Inside the Pricey War to Influence Your Instagram Feed
Instagram, YouTube—you name it. Influencers are being paid handsome sums to pitch you products in natural settings. That video you just watched? $50,000.
Maybe It’s Not YouTube’s Algorithm That Radicalizes People
In a new report, Penn State political scientists say that it’s not the recommendation engine, but the communities that form around right-wing content.
How Amazon, Apple, and Google Played the Tax-Break Game
Amazon conducted a very public beauty contest for mini-headquarters, while Apple and Google worked more quietly for planned expansions.
YouTube Has Kid Troubles Because Kids Are a Core Audience
Reports of how pedophiles use YouTube highlight how important kids have become to the site; 12 of the 20 most popular videos in April were aimed at kids.
You May Have Forgotten Foursquare, but It Didn’t Forget You (scoop)
The once-hyped social media company, known for gamifying mobile check-ins, is still alive and well as an incomprehensibly vast data empire.
Airbnb and New York City Reach a Truce on Home-Sharing Data (scoop)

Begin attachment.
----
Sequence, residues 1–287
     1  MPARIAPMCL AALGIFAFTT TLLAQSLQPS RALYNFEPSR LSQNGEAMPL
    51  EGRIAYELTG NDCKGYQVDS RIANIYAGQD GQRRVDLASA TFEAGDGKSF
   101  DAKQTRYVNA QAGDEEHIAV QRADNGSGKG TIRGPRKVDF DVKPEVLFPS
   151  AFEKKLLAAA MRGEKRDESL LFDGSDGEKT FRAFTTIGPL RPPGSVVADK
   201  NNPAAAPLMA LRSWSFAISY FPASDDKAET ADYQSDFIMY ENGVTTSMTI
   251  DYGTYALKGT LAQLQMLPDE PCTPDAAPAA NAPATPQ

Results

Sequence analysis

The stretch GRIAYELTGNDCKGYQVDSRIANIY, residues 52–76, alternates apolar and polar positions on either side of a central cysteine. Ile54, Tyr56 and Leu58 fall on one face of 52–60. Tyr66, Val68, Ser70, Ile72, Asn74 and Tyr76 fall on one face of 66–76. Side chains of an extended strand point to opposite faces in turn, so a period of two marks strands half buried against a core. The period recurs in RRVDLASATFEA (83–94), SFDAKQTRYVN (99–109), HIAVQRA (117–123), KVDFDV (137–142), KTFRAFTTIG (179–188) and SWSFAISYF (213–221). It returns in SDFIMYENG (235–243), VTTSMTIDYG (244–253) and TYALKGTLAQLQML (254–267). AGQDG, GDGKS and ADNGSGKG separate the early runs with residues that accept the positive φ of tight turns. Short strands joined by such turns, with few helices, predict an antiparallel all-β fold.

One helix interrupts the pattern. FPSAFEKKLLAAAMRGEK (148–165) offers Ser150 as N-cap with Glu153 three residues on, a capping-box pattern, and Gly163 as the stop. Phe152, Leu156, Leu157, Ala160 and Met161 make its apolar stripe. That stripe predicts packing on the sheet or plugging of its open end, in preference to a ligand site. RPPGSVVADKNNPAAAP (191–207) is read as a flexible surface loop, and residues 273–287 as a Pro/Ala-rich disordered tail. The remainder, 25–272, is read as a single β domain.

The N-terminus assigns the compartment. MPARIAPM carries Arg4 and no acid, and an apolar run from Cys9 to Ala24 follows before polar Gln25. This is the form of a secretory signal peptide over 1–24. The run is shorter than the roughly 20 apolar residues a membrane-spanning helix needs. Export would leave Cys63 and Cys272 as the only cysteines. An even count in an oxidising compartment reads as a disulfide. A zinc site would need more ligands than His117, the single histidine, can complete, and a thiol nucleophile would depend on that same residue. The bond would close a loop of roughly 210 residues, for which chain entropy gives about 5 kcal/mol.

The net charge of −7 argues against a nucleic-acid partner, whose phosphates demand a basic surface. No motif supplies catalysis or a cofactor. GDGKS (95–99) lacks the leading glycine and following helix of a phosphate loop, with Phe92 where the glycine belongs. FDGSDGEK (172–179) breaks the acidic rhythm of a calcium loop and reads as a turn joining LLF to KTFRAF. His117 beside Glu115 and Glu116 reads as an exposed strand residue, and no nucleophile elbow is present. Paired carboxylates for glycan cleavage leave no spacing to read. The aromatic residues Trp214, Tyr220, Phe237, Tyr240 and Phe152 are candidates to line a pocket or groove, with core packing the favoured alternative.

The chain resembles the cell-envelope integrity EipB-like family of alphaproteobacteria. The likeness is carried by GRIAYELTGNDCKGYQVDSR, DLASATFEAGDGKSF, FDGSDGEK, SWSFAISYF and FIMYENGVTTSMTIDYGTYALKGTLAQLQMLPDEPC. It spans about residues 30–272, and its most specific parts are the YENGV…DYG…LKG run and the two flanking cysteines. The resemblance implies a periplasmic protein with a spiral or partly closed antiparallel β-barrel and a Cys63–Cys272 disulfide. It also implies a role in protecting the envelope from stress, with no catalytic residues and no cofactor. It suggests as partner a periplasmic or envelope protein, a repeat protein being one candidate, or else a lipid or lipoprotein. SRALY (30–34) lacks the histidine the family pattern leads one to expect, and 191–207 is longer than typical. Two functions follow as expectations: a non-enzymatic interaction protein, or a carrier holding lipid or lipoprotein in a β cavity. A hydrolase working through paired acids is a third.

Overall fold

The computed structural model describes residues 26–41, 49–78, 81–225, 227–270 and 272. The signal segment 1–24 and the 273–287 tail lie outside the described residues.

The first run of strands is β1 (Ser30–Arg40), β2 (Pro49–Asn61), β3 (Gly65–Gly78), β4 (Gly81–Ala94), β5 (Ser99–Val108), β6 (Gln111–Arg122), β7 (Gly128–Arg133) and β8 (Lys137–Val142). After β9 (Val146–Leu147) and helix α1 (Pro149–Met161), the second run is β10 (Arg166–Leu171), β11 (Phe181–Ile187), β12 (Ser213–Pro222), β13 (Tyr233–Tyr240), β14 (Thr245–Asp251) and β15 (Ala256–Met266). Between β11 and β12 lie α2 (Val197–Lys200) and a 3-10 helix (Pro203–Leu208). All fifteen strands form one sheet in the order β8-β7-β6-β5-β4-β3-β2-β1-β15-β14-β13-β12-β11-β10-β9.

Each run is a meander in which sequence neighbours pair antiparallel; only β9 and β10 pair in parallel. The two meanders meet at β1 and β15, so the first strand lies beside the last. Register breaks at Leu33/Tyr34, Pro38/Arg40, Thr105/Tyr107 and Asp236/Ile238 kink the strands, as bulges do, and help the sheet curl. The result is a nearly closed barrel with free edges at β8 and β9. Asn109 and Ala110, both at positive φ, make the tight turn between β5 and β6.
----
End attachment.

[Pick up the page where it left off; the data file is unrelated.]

Airbnb agreed to turn over information on 17,000 residences, so city officials can look for signs of illegal short-term rentals.
Cities Examine Proper—and Improper—Uses of Facial Recognition
From New York City to Portland, Oregon, officials consider regulating how government and private businesses deploy the technology.
A Quiet War Rages Over Who Can Make Money Online
As social media companies and payment processors crack down on offensive speech, people and groups are using the tools to harass their enemies.
The Co-Opting of French Unrest to Spread Disinformation
In an echo of the US in 2016, accounts linked to Russia and right-wing conspiracy theorists are spreading misinformation on Twitter.
Tumblr’s Porn Ban Reveals Who Controls What We See Online
The visual microblogging service banned porn two weeks after Apple deleted its app from the App Store, amid a new federal sex trafficking law.